The Bible says “For by grace are ye saved through faith; and that not of yourselves: it is the gift of God: not of works, lest any man should boast. For we are his workmanship, created in Christ Jesus unto good works, which God hath before ordained that we should walk in them” (Ephesians 2:8-10). Now that I was saved by God’s grace, I had not only a real desire to serve God, and a previously unknown thirst to know Him, despite my religiosity and seeking, but a new and genuine ability to gain victory over sin. Having been saved “not of works,” I was now “created in Christ Jesus unto good works.” I read the Bible more than ever, and could now understand what it said as I could not before (1 Cor 2:6-16). Things I had before known were sin, but I did not have the ability to overcome, I could now stop doing. The Holy Spirit also gave me a new heart and conscience, so that sins that I had earlier not recognized as wrong I now saw as unBiblical and avoided. My college companions saw the change in both action and attitude. Best of all, I now had Christ, and with Him I had everything necessary for time and eternity. Through the Word of Truth, and enlightened by the Spirit of Truth, I had found Jesus Christ, who is the Truth, and was immediately satisfied knowing Him. As time has passed, and I have been able to grow in Christ, find and join a Bible-believing and practicing church, and serve my Savior and Lord, He has grown all the sweeter. Friend, what is the case with you? Do you know the truth? Would you like to know it—Him? Have you been born again?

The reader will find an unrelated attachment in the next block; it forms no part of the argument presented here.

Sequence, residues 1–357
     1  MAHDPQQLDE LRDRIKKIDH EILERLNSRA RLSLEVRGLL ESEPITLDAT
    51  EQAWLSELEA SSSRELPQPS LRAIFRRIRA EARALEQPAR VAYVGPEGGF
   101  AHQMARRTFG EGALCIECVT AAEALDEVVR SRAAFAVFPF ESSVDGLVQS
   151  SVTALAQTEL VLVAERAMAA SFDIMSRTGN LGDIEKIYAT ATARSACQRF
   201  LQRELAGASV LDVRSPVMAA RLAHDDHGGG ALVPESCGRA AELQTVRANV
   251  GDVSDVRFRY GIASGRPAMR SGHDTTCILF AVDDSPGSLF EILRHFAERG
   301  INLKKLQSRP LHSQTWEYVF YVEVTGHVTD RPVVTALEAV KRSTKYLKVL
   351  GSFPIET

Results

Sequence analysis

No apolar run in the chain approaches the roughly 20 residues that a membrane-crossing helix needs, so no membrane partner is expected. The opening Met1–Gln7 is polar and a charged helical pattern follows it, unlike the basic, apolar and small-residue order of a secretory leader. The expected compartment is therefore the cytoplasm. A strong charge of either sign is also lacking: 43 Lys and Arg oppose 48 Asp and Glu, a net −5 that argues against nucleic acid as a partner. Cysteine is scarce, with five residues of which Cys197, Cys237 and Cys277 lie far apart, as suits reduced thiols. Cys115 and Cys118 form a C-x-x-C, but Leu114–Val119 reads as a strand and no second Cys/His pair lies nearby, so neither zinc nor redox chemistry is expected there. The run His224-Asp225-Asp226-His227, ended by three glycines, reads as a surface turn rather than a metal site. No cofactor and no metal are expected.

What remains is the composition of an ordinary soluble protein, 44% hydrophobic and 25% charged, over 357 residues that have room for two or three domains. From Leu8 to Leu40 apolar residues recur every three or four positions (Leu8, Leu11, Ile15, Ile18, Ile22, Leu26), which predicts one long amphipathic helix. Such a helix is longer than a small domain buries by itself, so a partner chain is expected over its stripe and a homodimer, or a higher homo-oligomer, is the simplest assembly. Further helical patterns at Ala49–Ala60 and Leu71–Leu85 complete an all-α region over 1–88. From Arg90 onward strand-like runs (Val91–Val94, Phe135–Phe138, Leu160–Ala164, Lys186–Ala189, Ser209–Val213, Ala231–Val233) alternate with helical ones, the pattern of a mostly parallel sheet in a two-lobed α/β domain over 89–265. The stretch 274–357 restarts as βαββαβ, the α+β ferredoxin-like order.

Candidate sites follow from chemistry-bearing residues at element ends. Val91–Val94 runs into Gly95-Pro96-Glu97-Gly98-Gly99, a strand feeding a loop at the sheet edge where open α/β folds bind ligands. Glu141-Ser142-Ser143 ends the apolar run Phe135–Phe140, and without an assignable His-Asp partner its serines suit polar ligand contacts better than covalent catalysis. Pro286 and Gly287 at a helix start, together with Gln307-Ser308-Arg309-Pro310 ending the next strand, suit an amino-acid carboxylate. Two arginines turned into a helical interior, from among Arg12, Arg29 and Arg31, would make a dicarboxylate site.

The miserable sinner saved by the free mercy of Jesus Christ in the manner described above, subsequent to his conversion to Christ in 1995, was called to preach later on in his college years. He consequently sought training at a variety of Bible colleges and seminaries, and received an M. A. from Fairhaven Baptist College, an M. Div. from Great Plains Baptist Divinity School, and a Th. M. from Anchor Baptist Theological Seminary. While working on his doctorate, he teaches Biblical languages and theology at a Bible college and seminary under the authority of an independent Baptist church and at his home church’s Bible institute.